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Ketamine reclassified as a Class B drug
ketamine
Ketamine has been linked to chronic toxicity to the bladder.
Law changes include amendments to the control of tramadol

Changes to the Misuse of Drugs Act 1971 come into force today (June 10), including the reclassification of ketamine as a Class B drug and changes to the control of tramadol.

Ketamine is now a Class B drug under Schedule II of the 1971 act, meaning the maximum penalty for unlawful possession has increased from two to five years in jail.

Widely used in the veterinary profession as an anaesthetic and analgesic, the drug is also used recreationally.

A report released earlier this year revealed heavy and frequent misuse of ketamine is linked to various physical and psychological problems, including chronic toxicity to the bladder leading to numerous reports of individuals having to have their bladders removed.

In its 2014 review, the Advisory Council on the Misuse of Drugs said 120,000 individuals are estimated to have misused the drug between 2012 and 2013.

As of today, tramadol has also been classified as a Class C drug under Schedule 2 of the 1971 act, meaning the maximum penalty for unlawful possession is two years in jail.

The drug has also been added to Schedule 3 of the Misuse of Drugs Regulations 2001 and Schedule 1 of the Misuse of Drugs (Safe Custody) Regulations 1973, meaning it is exempt from the safe custody requirements.

Tramadol is of significant medical use in treating moderate to severe pain. Overdose results in drowsiness, agitation, rapid heartbeat, high blood pressure and vomiting.

According to the Home Office seizures are more common with tramadol overdose than with other opiods, occurring in up to 15 per cent of cases. In cases of severe poisoning, coma, seizures and low blood pressure can occur.

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New York to ban sale of foie gras

News Story 1
 New York City councillors have voted overwhelmingly in favour of legislation that will see the ban of foie gras in the city. The move, which comes in response to animal cruelty concerns, will take effect in 2022.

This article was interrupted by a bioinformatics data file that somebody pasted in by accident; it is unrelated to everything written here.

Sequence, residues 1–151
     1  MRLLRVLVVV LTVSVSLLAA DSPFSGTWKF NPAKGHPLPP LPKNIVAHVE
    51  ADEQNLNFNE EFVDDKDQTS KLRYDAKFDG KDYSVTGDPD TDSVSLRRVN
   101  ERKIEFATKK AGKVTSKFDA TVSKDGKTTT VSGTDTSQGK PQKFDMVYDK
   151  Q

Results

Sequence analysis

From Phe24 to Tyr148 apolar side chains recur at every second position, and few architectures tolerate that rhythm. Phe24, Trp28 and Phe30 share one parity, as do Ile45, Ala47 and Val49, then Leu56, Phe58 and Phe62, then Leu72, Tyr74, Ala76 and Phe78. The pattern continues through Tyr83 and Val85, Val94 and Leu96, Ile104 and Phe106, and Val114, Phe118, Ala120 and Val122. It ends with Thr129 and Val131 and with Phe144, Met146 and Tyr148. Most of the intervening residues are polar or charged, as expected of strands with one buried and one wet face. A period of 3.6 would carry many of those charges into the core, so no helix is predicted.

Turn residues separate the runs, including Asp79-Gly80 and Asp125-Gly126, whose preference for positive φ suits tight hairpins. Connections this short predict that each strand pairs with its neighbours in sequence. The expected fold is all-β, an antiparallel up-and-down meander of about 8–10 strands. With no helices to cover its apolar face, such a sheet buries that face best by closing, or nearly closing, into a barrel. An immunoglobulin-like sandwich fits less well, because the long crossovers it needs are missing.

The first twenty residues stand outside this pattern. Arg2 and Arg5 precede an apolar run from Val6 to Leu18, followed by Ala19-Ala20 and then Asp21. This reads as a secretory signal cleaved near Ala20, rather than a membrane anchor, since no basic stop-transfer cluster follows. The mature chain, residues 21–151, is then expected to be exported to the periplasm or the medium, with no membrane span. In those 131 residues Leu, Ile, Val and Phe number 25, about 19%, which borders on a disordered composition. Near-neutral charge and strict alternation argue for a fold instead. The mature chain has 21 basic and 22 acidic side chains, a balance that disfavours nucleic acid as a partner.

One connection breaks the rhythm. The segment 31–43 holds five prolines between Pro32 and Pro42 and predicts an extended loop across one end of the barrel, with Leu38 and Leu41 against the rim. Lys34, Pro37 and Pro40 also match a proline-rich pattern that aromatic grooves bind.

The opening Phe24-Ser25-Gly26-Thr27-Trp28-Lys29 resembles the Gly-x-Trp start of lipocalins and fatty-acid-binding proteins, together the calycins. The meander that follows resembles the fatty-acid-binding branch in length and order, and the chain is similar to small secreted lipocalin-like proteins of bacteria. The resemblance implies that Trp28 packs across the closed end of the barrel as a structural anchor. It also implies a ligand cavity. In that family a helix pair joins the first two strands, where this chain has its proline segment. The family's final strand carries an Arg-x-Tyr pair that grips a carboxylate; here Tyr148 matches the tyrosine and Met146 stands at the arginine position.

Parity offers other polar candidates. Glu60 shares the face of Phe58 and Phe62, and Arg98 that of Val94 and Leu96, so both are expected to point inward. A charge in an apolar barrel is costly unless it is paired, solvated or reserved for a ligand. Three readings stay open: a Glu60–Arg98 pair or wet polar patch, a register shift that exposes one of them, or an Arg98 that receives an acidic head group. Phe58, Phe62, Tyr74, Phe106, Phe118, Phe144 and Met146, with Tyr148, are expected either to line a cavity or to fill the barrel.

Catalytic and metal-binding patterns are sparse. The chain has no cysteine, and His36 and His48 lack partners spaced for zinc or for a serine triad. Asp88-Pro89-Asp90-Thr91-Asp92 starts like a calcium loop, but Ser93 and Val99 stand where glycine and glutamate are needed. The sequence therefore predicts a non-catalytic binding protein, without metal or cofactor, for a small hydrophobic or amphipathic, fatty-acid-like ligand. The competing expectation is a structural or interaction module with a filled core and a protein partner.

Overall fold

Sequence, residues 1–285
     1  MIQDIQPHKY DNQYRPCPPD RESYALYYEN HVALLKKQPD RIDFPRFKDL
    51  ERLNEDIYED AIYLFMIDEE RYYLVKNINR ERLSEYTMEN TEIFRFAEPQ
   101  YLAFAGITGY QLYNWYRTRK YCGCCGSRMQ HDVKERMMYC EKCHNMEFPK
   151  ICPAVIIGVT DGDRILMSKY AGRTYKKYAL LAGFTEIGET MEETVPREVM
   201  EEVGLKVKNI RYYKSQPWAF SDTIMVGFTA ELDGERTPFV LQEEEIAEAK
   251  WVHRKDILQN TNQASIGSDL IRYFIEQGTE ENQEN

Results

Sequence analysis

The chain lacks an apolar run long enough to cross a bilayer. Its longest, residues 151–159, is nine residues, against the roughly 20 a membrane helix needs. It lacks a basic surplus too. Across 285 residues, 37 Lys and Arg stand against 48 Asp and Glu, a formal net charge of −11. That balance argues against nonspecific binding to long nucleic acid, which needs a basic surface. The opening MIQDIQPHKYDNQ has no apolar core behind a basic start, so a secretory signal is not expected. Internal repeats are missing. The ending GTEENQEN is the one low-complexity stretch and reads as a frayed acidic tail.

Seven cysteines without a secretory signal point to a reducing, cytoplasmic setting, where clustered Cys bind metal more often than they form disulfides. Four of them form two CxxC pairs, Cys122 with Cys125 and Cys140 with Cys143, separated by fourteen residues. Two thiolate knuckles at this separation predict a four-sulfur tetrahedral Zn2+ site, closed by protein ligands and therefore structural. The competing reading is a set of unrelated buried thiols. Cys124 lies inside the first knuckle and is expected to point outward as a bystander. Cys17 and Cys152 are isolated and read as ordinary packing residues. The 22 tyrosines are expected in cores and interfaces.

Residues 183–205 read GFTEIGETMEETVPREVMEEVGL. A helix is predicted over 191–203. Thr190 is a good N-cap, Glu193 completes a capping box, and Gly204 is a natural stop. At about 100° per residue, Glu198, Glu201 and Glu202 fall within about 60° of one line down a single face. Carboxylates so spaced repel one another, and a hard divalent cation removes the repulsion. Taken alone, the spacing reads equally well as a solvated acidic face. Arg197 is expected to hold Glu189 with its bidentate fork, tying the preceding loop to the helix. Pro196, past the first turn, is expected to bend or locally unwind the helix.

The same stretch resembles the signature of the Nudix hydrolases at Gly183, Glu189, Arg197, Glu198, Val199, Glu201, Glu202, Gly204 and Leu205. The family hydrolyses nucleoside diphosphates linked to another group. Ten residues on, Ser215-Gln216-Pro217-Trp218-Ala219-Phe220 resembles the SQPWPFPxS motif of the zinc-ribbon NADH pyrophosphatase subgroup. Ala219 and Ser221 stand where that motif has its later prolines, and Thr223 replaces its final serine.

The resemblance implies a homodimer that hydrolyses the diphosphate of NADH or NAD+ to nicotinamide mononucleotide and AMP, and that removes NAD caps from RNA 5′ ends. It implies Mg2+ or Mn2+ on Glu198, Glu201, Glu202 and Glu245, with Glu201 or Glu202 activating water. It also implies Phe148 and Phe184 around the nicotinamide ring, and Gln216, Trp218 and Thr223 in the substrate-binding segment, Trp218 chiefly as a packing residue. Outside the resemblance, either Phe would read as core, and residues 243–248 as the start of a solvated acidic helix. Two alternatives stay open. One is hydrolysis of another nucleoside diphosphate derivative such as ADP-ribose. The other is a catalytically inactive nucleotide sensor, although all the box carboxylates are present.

Councillor Carlina Rivera, who sponsored the legislation, told the New York Times that her bill “tackles the most inhumane process” in the commercial food industry. “This is one of the most violent practices, and it’s done for a purely luxury product,” she said.


 Foie gras is a food product made of the liver of a goose or duck that has been fattened, often by force-feeding. New York City is one of America’s largest markets for the product, with around 1,000 restaurants currently offering it on their menu. 

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Humane Slaughter Association student scholarships open for applications

Applications for the Humane Slaughter Association’s student/trainee Dorothy Sidley Memorial Scholarships are now open.

The Scholarships provide funding to enable students or trainees in the industry to undertake a project aimed at improving the welfare of food animals during marketing, transport and slaughter. The project may be carried out as an integral part of a student's coursework over an academic year, or during the summer break.

The deadline for applications is midnight on the 28 February 2020. To apply and for further information visit www.hsa.org.uk/grants or contact the HSA office.